SEATTLE, Washington — Backed by a bipartisan group of Senators, S. 4003: Keeping Women and Girls Safe from the Start Act of 2020 seeks to bolster U.S. and international efforts to prevent gender-based violence that occurs during humanitarian crises. The bill affirms U.S. support for response and prevention programs and for better enabling humanitarian actors to deal with violence against girls and women. Another goal of the act is to empower women and girls and promote their leadership in response efforts.
COVID-19 and Violence Against Girls and Women
This bill was introduced in the wake of the COVID-19 pandemic and as Senator Lisa Murkowski explained in a statement, “Unfortunately, emerging data suggests that one unintended consequence of COVID-19 stay-at-home orders has been an increase in incidents of domestic violence and abuse, particularly against women and girls.” According to Murkowski, the goal of the bill is to prevent and address gender-based violence (GBV) “from the start,” as that approach is more effective.
Gender-Based Violence During Emergencies
Indeed, gender-based violence (GBV) often increases significantly during emergencies, including the COVID-19 pandemic. According to World Vision, a Christian humanitarian organization, female genital mutilation and cutting have increased in Somalia and other countries as a result of lockdowns. The financial strain caused by the pandemic will lead to a significant rise in child marriages. Incidents of domestic violence have also risen all around the world as a consequence of the lockdowns.
The Deputy High Commissioner for Human Rights for the United Nations, Nada Al-Nashif, confirmed that women and girls face additional challenges during COVID-19 and other emergencies and disasters. These challenges include sexual abuse. According to Al-Nashif, “insecurity and displacement fuel increases in sexual and gender-based violence as well as other crimes and human rights violations such as child, early and forced marriages, or denial of access to sexual and reproductive health services.” Al-Nashif notes that, in countries like Myanmar, Venezuela and South Sudan, systemic discrimination against women and girls allows human rights abuses to persist. Thus, achieving gender equality is necessary to end GBV.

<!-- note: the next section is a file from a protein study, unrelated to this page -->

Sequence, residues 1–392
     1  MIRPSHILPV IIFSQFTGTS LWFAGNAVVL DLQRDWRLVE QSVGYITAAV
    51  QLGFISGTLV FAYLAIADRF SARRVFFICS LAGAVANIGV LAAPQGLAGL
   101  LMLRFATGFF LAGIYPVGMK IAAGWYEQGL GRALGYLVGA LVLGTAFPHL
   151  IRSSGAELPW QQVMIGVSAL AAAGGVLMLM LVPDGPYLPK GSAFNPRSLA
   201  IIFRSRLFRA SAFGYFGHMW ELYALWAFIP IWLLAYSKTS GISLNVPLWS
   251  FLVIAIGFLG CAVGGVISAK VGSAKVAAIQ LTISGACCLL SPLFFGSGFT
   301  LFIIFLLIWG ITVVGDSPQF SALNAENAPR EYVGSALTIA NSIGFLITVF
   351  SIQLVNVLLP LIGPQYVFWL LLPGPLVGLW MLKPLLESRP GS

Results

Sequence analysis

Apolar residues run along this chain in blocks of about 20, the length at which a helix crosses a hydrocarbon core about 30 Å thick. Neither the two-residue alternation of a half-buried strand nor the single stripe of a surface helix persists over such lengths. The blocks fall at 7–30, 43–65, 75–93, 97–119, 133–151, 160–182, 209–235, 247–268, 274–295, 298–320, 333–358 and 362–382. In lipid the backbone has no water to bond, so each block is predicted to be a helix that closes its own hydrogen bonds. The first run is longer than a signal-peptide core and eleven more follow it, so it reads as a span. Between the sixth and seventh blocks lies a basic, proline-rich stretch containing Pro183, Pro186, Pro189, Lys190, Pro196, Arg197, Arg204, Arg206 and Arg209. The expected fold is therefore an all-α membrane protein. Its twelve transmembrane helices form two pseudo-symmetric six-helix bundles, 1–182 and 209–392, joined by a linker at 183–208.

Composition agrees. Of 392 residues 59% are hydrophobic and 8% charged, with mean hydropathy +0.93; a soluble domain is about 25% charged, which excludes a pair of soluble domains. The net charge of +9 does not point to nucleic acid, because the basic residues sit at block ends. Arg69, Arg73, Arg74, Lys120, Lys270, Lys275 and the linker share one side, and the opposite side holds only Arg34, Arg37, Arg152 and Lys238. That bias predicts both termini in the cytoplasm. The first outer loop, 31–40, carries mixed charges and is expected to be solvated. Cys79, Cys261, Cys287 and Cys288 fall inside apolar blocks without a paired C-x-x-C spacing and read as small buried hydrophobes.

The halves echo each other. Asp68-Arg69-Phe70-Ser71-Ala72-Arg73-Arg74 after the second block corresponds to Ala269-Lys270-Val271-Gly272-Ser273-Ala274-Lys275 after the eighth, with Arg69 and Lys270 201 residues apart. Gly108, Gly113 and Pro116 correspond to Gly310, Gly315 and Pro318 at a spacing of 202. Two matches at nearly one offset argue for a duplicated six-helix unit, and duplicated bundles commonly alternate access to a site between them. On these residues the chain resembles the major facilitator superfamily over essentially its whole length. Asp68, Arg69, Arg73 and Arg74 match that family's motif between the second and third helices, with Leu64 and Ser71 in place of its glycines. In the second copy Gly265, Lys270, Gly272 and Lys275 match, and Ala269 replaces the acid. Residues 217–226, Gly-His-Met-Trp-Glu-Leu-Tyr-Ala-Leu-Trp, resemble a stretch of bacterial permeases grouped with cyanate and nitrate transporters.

The prevalence of GBV in emergencies is evident. Mercy Corps, for instance, explains that 20% of refugee or displaced women have experienced sexual violence. Unfortunately, humanitarian assistance is not usually targeted to address GBV. In fact, less than 1% of global funding for humanitarian aid is used for the prevention of and response to GBV. The Keeping Women and Girls Safe from the Start Act of 2020 aims to address this problem directly.
The Keeping Women and Girls Safe from the Start Act of 2020
The bipartisan piece of legislation seeks to expand Safe from the Start, a State Department and USAID program, which prioritizes the prevention of and protection from gender-based violence.
S. 4003 authorizes the Secretary of State and the USAID Administrator to institute programs and activities to prevent, mitigate and respond to gender-based violence in humanitarian emergencies. These activities include the following:
training humanitarian personnel
deploying gender advisors
developing the technical skills of local organizations
establishing standards, guidelines and best practices to address GBV
expanding women’s empowerment activities like economic opportunities, education and women’s leadership programs.
The bill states that the United States should seek to effectively prevent and respond to gender-based violence in humanitarian emergencies by strengthening the skills and capacity of humanitarian actors and improving coordination in emergency response. Furthermore, the U.S. should support activities that provide quality, much-needed services to survivors of gender-based violence in humanitarian emergencies. A key way to advance the policy objective of preventing GBV is to advance and promote the participation and leadership of women and girls in emergency response efforts. Additionally, the U.S. should promote transparency and accountability for programs supported by U.S. aid.
Status of the Bill
Senator Robert Menendez [D-NJ] introduced S. 4003: Keeping Women and Girls Safe from the Start Act of 2020 in the Senate on June 18, 2020. The bill was then referred to the Senate Committee on Foreign Relations. S. 4003 currently has nine cosponsors (8D, 1R) and is in the first stage of the legislative process.
As Senator Shaheen, a senior member of the Senate Foreign Relations Committee, said, “Combating gender-based violence must remain a critical foreign policy objective for the United States. This bill helps us make good on that effort.”
– Sarah Frazer